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I cannot presume to speak for Peninsula's Council. I certainly do not speak for the one Peninsula writer other than myself specifically cited in the staff position. Nor does that writer speak for the rest of Peninsula, at least not in the nuance of his arguments.
I believe, however, that the staff is incorrect in saying that the Council of Peninsula believes that homosexual activity is wrong because "God says it's wrong."
The question of whether human sexual activity morally can be used for non-procreative, non-unitive ends is a philosophical question as well as a religious one.
To argue against the "naturalistic fallacy" as the staff does is to deny that there is anything special in human beings which defines them as human beings.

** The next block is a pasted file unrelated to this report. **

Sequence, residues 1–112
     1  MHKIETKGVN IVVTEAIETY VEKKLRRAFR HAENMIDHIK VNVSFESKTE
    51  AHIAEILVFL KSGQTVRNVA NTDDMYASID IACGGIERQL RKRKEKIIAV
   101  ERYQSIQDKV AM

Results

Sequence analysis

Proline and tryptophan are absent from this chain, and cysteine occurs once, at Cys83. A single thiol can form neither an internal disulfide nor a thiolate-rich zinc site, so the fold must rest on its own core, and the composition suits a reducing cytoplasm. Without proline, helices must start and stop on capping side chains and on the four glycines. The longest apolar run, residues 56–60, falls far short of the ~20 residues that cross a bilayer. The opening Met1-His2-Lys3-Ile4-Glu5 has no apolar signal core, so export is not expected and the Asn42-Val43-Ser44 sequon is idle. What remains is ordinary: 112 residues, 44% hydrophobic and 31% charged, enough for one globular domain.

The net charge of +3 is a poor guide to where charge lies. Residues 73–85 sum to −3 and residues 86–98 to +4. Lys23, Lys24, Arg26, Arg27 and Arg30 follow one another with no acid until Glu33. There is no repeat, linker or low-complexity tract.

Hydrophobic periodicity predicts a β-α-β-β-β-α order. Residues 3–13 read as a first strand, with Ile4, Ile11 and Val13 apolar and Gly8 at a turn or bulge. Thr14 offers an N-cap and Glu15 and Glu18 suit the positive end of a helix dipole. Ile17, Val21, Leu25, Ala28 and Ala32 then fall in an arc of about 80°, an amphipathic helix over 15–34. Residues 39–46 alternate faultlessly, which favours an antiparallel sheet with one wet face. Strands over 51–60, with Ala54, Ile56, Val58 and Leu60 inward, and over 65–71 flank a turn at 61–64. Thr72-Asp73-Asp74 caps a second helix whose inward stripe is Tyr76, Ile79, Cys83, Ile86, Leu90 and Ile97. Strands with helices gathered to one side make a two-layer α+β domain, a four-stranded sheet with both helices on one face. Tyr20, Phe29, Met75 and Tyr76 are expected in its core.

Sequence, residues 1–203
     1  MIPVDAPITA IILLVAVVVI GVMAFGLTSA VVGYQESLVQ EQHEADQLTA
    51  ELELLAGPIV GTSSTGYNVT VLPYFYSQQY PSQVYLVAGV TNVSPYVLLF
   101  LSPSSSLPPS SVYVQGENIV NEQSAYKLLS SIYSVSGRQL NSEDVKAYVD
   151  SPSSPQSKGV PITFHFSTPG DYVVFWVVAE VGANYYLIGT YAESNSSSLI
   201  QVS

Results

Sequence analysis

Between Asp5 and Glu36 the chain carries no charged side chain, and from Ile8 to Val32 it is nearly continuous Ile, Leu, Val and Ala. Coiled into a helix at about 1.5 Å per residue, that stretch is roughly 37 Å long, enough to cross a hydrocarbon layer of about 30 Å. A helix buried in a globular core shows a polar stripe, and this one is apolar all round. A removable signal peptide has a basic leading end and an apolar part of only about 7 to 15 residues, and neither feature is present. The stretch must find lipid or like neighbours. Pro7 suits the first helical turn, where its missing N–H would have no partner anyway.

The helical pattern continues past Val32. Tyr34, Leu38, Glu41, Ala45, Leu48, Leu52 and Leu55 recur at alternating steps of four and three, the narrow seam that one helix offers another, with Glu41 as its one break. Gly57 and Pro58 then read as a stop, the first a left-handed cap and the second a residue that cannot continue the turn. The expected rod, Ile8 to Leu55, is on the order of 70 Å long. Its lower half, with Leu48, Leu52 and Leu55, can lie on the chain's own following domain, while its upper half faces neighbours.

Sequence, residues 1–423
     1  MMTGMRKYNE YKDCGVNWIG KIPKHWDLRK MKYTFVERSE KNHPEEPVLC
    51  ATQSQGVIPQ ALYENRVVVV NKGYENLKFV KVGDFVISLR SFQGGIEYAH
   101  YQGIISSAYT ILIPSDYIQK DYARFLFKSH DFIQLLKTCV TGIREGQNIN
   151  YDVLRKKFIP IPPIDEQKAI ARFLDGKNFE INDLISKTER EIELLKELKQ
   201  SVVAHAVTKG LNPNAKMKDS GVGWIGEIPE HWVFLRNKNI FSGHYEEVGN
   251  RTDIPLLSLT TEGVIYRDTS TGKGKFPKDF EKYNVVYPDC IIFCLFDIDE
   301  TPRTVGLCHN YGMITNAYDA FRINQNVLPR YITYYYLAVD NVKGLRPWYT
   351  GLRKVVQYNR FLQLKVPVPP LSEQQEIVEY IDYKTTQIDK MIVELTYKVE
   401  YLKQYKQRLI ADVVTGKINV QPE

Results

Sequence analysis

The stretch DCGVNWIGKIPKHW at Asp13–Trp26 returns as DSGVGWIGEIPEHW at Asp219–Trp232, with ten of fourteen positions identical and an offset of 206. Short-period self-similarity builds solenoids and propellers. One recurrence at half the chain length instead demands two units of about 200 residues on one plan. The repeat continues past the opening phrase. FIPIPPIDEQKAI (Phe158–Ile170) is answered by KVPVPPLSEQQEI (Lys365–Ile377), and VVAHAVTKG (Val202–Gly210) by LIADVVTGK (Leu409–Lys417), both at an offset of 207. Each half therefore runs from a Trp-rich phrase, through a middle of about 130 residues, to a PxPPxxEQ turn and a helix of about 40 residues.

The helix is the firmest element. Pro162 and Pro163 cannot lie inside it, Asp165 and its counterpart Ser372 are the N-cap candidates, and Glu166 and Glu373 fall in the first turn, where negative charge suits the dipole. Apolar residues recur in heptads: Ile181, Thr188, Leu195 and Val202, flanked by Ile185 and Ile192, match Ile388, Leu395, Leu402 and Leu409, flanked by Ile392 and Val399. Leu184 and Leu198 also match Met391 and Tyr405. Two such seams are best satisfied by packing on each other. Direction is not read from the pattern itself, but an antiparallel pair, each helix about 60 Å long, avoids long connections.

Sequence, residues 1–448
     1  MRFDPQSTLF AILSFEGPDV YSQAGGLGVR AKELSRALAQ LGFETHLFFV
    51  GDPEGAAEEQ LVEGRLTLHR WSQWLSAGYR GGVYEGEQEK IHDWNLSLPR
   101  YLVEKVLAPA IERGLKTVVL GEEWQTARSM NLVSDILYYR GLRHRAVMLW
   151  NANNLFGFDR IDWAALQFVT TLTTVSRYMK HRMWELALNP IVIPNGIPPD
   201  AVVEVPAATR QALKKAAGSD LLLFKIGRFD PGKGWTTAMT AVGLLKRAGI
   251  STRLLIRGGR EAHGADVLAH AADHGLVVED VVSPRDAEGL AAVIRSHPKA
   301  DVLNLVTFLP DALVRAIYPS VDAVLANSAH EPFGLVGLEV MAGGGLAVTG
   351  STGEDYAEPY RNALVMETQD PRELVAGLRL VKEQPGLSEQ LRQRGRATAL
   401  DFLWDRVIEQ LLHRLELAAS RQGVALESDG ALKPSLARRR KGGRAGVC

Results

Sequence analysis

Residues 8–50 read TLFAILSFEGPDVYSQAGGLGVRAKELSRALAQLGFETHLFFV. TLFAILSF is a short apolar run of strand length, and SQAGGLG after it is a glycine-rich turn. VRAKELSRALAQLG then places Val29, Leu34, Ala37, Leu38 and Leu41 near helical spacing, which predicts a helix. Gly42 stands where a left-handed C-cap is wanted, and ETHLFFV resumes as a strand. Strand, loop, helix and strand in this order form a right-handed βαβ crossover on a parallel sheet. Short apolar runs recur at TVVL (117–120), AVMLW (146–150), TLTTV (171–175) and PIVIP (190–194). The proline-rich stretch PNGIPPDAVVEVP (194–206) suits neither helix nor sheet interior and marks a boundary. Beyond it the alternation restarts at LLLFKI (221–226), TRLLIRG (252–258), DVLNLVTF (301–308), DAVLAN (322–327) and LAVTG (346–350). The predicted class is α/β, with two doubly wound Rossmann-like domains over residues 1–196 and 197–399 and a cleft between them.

If the staff's definition of "naturalness" cannot include a definition of human possibility as part of the essence of a human being, then the staff cannot actually say that anything that "is" is wrong.
Peninsula believes that what is most important about human beings is that they can be rational, that they are capable of reason, and that therefore they are deserving of respect by other human beings.
What Peninsula believes is important in the definition of human sexuality is that it is unitive and procreative. That it can be used otherwise means that it is used otherwise.
But the fact that sex is used otherwise does not mean that using it otherwise conforms to the correct definition of sex.
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